This question will usually raise a debate from shop to shop. Is skipping grits in the sanding sequence a good idea? If so, how many can I skip and still end up with a good finish?
To understand the finer points of this discussion, let’s begin with how sandpaper is manufactured, explore the technical meaning of the words ‘grit’ and ‘abrade’, and raise awareness of exactly what each grit level does to the material being sanded or abraded. Also worth considering is the effect that each grit will have on the material’s surface, and how that will impact the next grit in the sequence.
The term grit is defined as a small abrasive particle of sand or stone, while abrade means to scrape or wear away by friction or erosion. When you use an abrasive, you have thousands of little ‘teeth’ that are scraping, wearing away, or scratching the material being sanded or ground.
One interesting sidenote: When we see abrasion happening on wood, we generally refer to it as sanding. When the same procedure is done on metal or stone, it is called grinding or, in some cases, polishing. It is the same process. Material is being removed from the workpiece by the process of using abrasive grains or grit.
As the abrasion takes place, it leaves behind what we refer to as a scratch pattern, which contains a series of peaks (high points) and valleys (low points). It is a result of the abrasion that took place on the surface of the material being sanded or ground. The size of each abrasive particle has a direct correlation with the size of the peaks and valleys left behind. A larger abrasive grain will leave a deeper and wider valley, creating a taller and wider peak. So, an 80-grit abrasive particle will cut a deeper valley than a 150-grit particle.
The reason for this in-depth explanation is to qualify the statement that you should never skip more than one grit at a time in a sanding sequence.
If you are a craftsman who skips from 80 to 180 grit, I am not bringing this up to say that you’re doing it wrong. That’s not for me to point out. I’ll leave the conclusion up to you, but once I’ve finished painting the picture of how grit sequences work, you might just want to reexamine your process.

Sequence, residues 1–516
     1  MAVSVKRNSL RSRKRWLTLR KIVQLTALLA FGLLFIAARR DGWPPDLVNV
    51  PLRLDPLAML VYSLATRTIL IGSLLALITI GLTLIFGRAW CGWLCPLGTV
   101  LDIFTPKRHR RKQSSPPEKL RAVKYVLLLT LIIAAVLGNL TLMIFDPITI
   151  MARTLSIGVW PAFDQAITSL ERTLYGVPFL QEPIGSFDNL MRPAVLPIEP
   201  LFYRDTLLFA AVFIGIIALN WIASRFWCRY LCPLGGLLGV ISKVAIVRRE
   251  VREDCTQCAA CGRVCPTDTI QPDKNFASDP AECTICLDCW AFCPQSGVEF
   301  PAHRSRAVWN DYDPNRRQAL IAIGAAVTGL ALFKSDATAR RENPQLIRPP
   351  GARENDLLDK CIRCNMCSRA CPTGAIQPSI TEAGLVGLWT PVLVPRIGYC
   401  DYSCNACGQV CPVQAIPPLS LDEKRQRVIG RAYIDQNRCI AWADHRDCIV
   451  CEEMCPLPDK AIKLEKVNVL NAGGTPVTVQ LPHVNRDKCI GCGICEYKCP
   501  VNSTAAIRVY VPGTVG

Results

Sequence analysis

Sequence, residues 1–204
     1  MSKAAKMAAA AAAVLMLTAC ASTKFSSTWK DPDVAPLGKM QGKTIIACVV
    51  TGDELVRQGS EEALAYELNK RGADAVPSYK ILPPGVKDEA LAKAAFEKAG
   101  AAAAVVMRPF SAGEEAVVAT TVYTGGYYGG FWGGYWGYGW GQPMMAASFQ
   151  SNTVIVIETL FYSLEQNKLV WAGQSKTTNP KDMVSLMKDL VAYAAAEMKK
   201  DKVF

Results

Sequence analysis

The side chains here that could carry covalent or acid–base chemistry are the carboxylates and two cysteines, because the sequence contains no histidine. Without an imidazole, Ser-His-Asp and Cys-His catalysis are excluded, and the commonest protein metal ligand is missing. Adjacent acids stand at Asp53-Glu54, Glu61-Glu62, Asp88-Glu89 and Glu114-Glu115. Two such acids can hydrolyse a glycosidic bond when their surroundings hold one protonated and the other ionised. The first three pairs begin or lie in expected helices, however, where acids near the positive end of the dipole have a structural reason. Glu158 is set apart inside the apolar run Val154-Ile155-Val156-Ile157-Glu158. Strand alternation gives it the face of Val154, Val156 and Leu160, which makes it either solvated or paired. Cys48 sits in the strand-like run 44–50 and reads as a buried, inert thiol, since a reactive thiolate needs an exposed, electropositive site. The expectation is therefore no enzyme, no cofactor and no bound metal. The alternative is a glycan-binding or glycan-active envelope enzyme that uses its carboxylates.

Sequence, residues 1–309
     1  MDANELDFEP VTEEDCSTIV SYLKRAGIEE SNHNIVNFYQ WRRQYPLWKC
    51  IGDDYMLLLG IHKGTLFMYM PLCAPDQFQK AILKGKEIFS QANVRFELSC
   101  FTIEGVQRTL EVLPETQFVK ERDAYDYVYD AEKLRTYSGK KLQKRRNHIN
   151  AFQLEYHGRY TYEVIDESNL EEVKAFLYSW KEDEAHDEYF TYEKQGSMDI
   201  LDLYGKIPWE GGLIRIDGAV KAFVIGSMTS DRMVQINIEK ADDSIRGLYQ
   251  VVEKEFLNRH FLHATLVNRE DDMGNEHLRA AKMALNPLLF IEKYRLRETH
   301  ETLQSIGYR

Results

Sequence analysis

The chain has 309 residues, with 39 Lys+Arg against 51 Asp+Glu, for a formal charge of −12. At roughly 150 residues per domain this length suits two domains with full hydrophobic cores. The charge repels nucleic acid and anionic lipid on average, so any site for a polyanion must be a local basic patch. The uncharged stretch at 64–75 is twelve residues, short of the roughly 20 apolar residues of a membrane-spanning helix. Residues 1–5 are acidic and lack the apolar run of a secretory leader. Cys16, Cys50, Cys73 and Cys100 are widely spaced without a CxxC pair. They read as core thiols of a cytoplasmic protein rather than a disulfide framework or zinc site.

Let’s say we have used an 80-grit, aluminum-oxide sandpaper on a piece of maple. If you want the best finish possible with the least amount of work, the most prudent thing to do is use every grit in the sanding sequence (such as 100, 120, 150, and 180). This method slowly and thoroughly lowers the peaks we created with the 80 grit, while keeping the scratch pattern even across the entire surface of the workpiece. When we’re finished sanding, and are ready to apply some stain, we can be assured that the piece will take the stain evenly and give us a consistent color across the entire piece.
But say we go from 80 to 180 grit. With enough time and energy spent sanding, you can still end up with the same result. However, because we skipped so many grits, it is going to take much more time and effort to lower the 80-grit peaks and establish the 180-grit scratch pattern that we need for a high-level finish.
If we don’t spend the time with the 180 grit that we need to at this point, what kind of scratch pattern will we have?
We began with the deep valleys and the high peaks left by the larger grain of the 80-grit sandpaper. When we use the 180 grit on top of that, with the smaller grain size and less aggressive properties, we will have just slightly taken the very tips off the peaks. This still leaves the deep valleys that were there from the 80 grit.
Now, what happens when the stain is applied? It fills in the deep scratches left by the 80-grit sandpaper and leaves a dark, and most likely, uneven color across the surface of the workpiece. It will give a much darker appearance as a result of the stain that is collecting in the deep valleys left by the 80-grit sandpaper.
So, it comes down to how good of a finish do you really want? For the sake of spending a little less money and saving a little time sanding, will you skip from 80 grit to 180 or even 220? Does it really matter, or do you want the best finish possible on that piece that you’ve spent so much time building?
Me? I’ll use the correct grits in the sanding sequence because I want the best finish that I can possibly get. Following the grit sequence, or at the very least, never skipping more than one grit at a time, always yields that deep luxurious finish that we all envision when starting a project.
Another good question
Why is my sanding disc coming off the sander? There are several reasons, depending on the method of attachment. With hook and loop, the hooks could be worn out on the backing pad or there could be too much dirt and debris hampering proper attachment. A PSA backing pad can also build up a layer of dirt, dust, or possibly a thin layer of chemical leftovers from all the different glue attachments and re-attachments. Clean the backing pad regularly using a cleaner that will not leave an oily film.
When attaching a new disc, always make sure it is centered. Press the disc firmly and evenly into place.
Nick DeMars is a woodworking specialist at Klingspor Abrasives. He can be reached at firstname.lastname@example.org.
This article was originally published in the April 2022 issue.